Ford to Drop Diesel F-150 This Week

Tim Healey
by Tim Healey
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ford to drop diesel f 150 this week

Sorry, diesel fans. Just three years after introducing a Power Stroke diesel for the F-150, Ford is dropping the diesel option.

And doing so with haste.

If you want to grab one of the last ones available, you have until Friday to do it.

Part of the problem, says Autoblog, is that the turbocharged gas options make more power and cost less than the diesel’s $4,995 price. They offer better towing capacity, to boot.

There’s also a hybrid model that is slightly cheaper, has slightly better towing, and is on par in terms of fuel economy.

Of course, diesel engines offer something gas engines don’t — low-end grunt.

While the diesel no longer seems to be the best powertrain option on paper, some buyers will still miss it. For the rest, special order by Friday or forever hold your peace.

Or, you know, save your dough for the upcoming Lightning.

[Image: Ford]

Tim Healey
Tim Healey

Tim Healey grew up around the auto-parts business and has always had a love for cars — his parents joke his first word was “‘Vette”. Despite this, he wanted to pursue a career in sports writing but he ended up falling semi-accidentally into the automotive-journalism industry, first at Consumer Guide Automotive and later at He also worked as an industry analyst at Mintel Group and freelanced for, CarFax,, High Gear Media, Torque News,,, among others, and of course Vertical Scope sites such as,, and He’s an urbanite and as such, doesn’t need a daily driver, but if he had one, it would be compact, sporty, and have a manual transmission.

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  • EBFlex EBFlex on Jul 13, 2021

    “Part of the problem, says Autoblog, is that the turbocharged gas options make more power and cost less than the diesel’s $4,995 price. They offer better towing capacity, to boot.” That sentence reads like it was copied directly from a dishonest Ford press release. Of course they offer better towing capacity. When you manipulate the towing and capability numbers simply to drive sales numbers that is the result. Nobody actually believes the absolute garbage 5.4L could tow more than the 5.0L trucks but that’s how Ford decided to drive sales of the awful Ecobust trucks. What they won’t tell you is that not only was the diesel far more efficient than the Ecobust or Ecobust hybrid versions, but when doing actual work the fuel economy would still be impressive versus the Ecobust where the MPGs are abysmal. It’s a shame Ford hates the Diesel engine in the F150. It was one of two engines that are reliable and actually worth buying. The other is the 5.0L. The rest of the engines including the awful hybrid and laughably bad EV are just garbage. But we know Ford makes awful business decisions and intentionally pricing the diesel high and then wondering why nobody bought it is a self fulfilling prophecy. And now Ford can go around and say “See? Nobody bought it so we got rid of it.”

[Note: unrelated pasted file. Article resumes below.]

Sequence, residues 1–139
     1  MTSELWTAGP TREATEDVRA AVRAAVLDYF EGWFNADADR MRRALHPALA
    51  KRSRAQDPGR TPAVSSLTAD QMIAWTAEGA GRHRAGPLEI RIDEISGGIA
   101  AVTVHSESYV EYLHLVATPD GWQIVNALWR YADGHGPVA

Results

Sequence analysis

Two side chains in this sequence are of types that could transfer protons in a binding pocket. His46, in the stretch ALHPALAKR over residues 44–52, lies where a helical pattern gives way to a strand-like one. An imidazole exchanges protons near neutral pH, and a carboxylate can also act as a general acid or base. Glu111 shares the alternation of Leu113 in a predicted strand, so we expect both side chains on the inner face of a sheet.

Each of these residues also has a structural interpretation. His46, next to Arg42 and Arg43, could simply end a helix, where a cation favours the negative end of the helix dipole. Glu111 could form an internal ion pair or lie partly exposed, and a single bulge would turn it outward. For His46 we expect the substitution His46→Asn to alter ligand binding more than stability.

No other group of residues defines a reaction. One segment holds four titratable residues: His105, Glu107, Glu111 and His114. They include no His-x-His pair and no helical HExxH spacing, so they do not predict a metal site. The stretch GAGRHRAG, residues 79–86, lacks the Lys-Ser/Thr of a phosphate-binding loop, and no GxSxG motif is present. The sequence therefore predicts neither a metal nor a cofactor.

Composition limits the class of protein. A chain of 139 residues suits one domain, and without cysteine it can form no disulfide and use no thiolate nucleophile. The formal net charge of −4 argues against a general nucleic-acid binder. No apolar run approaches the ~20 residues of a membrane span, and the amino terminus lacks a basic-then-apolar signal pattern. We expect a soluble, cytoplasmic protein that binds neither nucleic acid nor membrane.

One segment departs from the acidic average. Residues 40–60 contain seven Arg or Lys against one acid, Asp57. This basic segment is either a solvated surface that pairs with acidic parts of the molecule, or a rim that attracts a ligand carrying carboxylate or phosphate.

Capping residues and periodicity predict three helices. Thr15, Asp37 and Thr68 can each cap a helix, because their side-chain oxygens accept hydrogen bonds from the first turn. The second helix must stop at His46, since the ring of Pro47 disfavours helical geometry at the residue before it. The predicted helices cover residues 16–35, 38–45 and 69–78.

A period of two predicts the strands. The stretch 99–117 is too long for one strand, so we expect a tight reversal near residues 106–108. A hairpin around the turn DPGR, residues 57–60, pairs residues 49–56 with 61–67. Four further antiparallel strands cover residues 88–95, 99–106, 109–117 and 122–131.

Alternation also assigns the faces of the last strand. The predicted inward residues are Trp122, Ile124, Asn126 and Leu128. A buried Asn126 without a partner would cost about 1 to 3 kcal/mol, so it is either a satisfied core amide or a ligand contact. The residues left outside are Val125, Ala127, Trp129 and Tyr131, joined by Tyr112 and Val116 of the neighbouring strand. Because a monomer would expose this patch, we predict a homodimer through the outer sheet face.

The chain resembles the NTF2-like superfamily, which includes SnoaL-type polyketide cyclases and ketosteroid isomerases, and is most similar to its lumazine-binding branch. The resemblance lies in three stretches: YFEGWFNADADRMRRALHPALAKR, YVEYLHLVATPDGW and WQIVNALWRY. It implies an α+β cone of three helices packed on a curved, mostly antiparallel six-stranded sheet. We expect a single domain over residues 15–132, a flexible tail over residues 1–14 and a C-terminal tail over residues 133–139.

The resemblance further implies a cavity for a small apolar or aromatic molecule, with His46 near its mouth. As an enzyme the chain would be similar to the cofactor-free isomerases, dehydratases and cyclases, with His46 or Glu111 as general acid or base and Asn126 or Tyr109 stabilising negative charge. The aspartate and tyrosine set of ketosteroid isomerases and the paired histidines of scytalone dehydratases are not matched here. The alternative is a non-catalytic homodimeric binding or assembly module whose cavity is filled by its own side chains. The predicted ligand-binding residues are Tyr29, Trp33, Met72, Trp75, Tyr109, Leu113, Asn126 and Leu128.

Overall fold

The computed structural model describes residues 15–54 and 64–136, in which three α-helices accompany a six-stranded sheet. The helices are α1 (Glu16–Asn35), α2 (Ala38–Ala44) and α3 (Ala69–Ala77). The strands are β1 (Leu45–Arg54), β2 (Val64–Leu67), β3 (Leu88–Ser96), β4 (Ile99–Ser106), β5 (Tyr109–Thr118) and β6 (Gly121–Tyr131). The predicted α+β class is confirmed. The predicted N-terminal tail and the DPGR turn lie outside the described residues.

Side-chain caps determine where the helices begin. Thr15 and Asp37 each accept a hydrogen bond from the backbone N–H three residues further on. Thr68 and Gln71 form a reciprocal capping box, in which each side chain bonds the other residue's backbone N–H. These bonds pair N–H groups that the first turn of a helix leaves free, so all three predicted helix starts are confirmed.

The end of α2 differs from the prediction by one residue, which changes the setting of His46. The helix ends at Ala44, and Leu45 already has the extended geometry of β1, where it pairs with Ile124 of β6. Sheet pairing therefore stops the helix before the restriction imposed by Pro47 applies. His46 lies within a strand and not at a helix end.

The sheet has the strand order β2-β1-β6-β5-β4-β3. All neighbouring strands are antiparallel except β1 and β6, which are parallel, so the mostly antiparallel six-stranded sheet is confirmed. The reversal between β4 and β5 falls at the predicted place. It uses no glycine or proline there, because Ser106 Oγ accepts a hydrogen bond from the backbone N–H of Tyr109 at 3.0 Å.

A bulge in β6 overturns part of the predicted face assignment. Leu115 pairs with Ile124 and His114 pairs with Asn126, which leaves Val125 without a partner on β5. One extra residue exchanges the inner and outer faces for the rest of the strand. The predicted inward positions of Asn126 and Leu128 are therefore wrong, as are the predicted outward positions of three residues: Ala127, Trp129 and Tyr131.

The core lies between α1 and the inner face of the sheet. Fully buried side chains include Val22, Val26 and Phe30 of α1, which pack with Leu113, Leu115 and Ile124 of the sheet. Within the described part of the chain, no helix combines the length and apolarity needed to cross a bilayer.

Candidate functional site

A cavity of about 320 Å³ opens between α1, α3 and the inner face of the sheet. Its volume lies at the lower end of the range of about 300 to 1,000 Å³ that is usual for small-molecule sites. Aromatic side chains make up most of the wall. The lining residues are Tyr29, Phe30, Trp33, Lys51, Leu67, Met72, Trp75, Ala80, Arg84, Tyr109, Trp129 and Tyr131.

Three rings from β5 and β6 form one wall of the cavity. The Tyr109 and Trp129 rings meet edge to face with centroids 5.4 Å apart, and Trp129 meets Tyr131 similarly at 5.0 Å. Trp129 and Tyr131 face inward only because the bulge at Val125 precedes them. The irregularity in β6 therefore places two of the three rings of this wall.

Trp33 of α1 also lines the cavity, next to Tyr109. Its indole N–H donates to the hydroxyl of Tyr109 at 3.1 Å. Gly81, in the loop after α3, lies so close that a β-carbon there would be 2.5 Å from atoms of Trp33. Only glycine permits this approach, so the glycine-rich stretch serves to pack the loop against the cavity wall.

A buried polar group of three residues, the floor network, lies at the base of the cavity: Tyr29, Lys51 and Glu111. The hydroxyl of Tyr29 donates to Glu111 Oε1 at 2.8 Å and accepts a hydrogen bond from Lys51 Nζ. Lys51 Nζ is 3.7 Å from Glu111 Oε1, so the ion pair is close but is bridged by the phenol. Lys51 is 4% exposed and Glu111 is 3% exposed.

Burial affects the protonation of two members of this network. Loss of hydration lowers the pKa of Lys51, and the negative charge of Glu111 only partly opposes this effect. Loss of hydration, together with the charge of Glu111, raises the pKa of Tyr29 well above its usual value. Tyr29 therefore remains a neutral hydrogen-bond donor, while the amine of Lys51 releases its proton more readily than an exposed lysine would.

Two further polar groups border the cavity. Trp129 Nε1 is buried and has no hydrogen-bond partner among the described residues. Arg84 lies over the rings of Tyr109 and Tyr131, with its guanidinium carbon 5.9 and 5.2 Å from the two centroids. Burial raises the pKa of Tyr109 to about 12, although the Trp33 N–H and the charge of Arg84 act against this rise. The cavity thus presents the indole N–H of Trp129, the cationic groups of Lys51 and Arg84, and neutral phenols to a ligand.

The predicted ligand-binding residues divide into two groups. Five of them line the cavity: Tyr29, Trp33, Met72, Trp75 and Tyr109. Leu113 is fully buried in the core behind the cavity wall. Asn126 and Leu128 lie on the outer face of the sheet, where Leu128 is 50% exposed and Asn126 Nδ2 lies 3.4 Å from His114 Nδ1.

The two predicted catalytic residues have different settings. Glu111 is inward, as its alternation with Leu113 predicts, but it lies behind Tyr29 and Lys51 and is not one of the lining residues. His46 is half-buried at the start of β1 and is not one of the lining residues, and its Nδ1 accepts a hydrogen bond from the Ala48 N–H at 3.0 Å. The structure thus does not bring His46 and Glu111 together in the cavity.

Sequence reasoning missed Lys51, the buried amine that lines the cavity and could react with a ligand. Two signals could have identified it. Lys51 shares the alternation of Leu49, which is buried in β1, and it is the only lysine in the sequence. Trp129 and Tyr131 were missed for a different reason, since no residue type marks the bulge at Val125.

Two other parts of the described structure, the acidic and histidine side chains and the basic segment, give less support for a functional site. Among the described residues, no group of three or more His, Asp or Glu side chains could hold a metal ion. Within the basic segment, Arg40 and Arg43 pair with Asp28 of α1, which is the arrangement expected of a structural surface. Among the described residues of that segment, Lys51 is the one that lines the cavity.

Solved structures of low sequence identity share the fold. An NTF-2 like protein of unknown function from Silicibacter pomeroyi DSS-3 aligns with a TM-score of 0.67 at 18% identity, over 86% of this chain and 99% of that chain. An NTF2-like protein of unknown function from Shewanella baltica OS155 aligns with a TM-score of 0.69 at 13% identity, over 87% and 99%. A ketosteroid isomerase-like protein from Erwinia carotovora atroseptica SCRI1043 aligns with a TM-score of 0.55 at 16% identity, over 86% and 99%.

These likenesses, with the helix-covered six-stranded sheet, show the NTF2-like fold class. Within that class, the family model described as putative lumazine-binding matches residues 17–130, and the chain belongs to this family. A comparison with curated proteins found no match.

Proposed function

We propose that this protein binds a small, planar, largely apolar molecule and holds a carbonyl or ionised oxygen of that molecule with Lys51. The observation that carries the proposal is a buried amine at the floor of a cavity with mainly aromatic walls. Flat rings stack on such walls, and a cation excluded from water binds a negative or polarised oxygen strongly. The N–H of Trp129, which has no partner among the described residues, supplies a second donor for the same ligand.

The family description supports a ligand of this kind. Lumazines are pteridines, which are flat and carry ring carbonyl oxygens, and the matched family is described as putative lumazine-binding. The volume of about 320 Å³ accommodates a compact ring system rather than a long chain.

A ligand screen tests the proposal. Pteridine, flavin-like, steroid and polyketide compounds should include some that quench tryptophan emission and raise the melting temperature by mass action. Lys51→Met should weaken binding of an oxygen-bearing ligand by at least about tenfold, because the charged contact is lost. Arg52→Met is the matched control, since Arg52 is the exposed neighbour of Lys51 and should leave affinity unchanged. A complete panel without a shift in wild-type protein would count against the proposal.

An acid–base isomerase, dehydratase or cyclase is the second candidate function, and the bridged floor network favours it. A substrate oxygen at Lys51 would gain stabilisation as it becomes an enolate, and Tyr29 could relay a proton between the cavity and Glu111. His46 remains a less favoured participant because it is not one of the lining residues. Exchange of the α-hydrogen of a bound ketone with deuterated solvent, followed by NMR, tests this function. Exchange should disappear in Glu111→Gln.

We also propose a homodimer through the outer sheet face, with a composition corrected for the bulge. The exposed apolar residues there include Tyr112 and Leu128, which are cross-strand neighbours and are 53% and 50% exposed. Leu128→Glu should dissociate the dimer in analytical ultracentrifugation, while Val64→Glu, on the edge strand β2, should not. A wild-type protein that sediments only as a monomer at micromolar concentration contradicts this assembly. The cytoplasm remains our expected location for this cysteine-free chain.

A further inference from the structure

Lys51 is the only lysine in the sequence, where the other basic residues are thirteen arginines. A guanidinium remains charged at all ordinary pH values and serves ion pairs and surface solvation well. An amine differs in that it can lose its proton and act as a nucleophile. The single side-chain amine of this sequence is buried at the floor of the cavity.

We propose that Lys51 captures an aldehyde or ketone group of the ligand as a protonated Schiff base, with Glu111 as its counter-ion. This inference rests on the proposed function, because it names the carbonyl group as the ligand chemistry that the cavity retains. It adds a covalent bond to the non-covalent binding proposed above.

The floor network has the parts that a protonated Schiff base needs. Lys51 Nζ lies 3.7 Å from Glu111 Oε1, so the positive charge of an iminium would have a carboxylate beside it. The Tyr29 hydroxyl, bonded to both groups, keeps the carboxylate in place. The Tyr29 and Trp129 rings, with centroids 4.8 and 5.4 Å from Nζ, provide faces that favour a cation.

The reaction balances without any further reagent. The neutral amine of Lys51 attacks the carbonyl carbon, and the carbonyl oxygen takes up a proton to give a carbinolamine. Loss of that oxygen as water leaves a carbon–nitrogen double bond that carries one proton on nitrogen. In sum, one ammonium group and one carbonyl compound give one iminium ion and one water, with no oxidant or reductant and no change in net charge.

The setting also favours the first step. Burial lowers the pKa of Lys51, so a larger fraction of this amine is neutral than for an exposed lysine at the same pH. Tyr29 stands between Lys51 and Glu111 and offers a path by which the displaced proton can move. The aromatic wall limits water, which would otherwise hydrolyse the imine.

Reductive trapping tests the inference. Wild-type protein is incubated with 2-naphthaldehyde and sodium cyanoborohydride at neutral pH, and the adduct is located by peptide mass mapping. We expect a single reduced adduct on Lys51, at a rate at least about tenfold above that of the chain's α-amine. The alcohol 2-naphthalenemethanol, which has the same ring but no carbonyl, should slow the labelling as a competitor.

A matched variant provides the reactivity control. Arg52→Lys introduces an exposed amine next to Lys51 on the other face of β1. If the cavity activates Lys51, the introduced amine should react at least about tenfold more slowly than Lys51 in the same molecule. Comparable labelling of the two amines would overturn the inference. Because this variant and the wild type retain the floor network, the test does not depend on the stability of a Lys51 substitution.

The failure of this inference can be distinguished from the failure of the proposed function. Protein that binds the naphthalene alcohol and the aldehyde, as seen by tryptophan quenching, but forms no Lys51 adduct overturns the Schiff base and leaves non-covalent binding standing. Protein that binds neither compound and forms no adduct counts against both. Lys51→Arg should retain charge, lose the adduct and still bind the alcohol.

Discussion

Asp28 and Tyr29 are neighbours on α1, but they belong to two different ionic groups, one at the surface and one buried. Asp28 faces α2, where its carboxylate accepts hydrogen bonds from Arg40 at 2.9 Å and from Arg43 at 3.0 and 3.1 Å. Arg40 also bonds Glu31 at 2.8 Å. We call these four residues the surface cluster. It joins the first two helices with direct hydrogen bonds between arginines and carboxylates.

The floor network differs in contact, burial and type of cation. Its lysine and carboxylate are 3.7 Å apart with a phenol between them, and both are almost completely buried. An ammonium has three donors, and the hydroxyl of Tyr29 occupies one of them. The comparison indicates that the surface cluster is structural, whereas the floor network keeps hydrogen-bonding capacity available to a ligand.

• See 3 previous
    • EBFlex EBFlex on Jul 13, 2021

      @Lou_BC Ah yes all the Ford apologists are here. Hilarious. No shock that you would consider needed turbos at 100k miles, misfiring, massive carbon build up on top of extremely poor fuel economy reliable I guess they are bullet proof. Meanwhile here in the real world, it’s unsurprising that Ford techs recommend the amazingly reliable 5.0L over the high strung EgoBust engines. I wonder why that is

  • Dukeisduke Dukeisduke on Jul 13, 2021

    No surprise here. I've seen exactly *two* Power Stroke-equipped F-150s since they first came out, and that's here in truck-loving Texas. It might have been successful if EcoBoost weren't a thing. I find light truck diesels intriguing, but really, I'd never buy one. I do sometimes wish my Tacoma was a turbo diesel (for the fuel economy).

  • ToolGuy ToolGuy on Jul 13, 2021

    I've got a bad feeling about this.

  • APaGttH APaGttH on Jul 13, 2021

    So a publicly traded global corporation in a free-market late-stage capitalistic society that answers to shareholders made a business decision in a single country to improve profits by axing a poor selling engine at the end of the 2021 model year production run. The same corporation had to jump through burning hoops of regulatory fire during the Trump Administration to get the engine "certified." Somehow, Biden, who apparently actually isn't even in charge, is to blame for consumers not wanting to pay $5000 for the privilege of the said engine when it offers almost no advantage over other choices beyond, for a small subset of buyers, the fuel it uses. Check please!

    • Lou_BC Lou_BC on Jul 13, 2021

      Perfect assessment. This engine would have sold well in an era of "hard on fuel" V8's. The EB 3.5 has similar torque characteristics to that of a diesel, costs less, and tows/hauls more.